European Creutzfeldt-Jakob Disease surveillance
The European Creutzfeldt-Jakob disease Surveillance System (EUROCJD) has achieved all the objectives in the original grant application to DG SANCO (Directorate-General for Health and Consumers). The ability to continue to coordinate CJD surveillance in Europe has had major benefits and, in particular, the facility to provide real-time data on variant Creutzfeldt-Jakob disease (vCJD) internationally. Through the EUROCJD system, it has been possible to establish travel history in all cases of vCJD internationally, and to confirm in each case the country of likely human exposure to bovine spongiform encephalopathy (BSE). Cases of secondary iatrogenic transmission of vCJD through blood transfusion have been identified in the UK.
The primary objective of this project has been the identification and characterisation of all cases of vCJD in participating countries by establishing surveillance systems for all forms of human prion disease in these countries. Another objective of the system has been to identify novel forms of human prion disease that might be related to BSE infection and cases caused by secondary iatrogenic transmission. The project aimed to provide an early warning system for new cases of vCJD and to disseminate information via a website and through scientific publications.[+] Read More
During the period of the project, cases of variant CJD have been identified (see Table) in a number of regions with additional cases of vCJD having also been identified in Japan (1) and USA (2).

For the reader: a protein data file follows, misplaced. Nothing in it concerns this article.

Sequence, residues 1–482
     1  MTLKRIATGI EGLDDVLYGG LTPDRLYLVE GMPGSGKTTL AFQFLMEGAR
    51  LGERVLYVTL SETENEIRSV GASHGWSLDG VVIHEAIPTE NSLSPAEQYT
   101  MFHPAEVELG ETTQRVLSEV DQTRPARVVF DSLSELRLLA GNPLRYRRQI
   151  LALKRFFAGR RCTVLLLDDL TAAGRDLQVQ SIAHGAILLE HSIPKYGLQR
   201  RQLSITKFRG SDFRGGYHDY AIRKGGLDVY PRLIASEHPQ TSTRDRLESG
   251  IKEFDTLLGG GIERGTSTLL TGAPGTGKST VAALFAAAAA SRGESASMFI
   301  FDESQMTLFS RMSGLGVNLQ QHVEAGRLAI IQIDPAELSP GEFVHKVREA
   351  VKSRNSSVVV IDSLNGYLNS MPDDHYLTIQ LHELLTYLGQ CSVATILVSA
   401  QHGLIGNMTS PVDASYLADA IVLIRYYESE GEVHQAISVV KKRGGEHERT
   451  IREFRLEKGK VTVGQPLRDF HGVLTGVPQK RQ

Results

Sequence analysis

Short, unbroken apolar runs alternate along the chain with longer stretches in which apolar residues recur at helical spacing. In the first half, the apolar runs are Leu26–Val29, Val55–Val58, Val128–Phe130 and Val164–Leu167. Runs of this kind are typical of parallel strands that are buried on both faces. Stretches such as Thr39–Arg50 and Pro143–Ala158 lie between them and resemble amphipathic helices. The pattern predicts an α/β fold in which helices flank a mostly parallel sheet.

Some cases of vCJD, including cases in Ireland, Canada and the USA, had a history of extended residence in the UK during the period of maximal human exposure to the BSE agent and it is likely that the causal exposure to BSE took place in the UK rather than the country of residence. By using the known periods of residence of these cases in the UK, it is possible to estimate a mean incubation period and the figure compares this with incubation period estimates in iatrogenic CJD in kuru. It is apparent that the estimated incubation periods in relation to vCJD are consistent with both the minimum incubation period in iatrogenic CJD and kuru and the median incubation period in relation to human growth hormone-related CJD.
An important issue in relation to the non-UK cases of vCJD is whether they were exposed to BSE infection in exports from the UK or to indigenous BSE. This issue is discussed in a paper form the EUROCJD group1. The conclusion is that it is possible that non-UK variant cases were exposed to UK exports rather than to indigenous BSE and this may be consistent with the relative delay in the peak of onsets of vCJD cases in France in comparison to the UK. The temporal development of outbreaks of vCJD is an important issue in relation to predictions of the future course of any epidemic. In the UK, the data indicates that the numbers of deaths per annum from vCJD may have peaked in 2000 and there may also have been a peak in non-UK cases in 2005.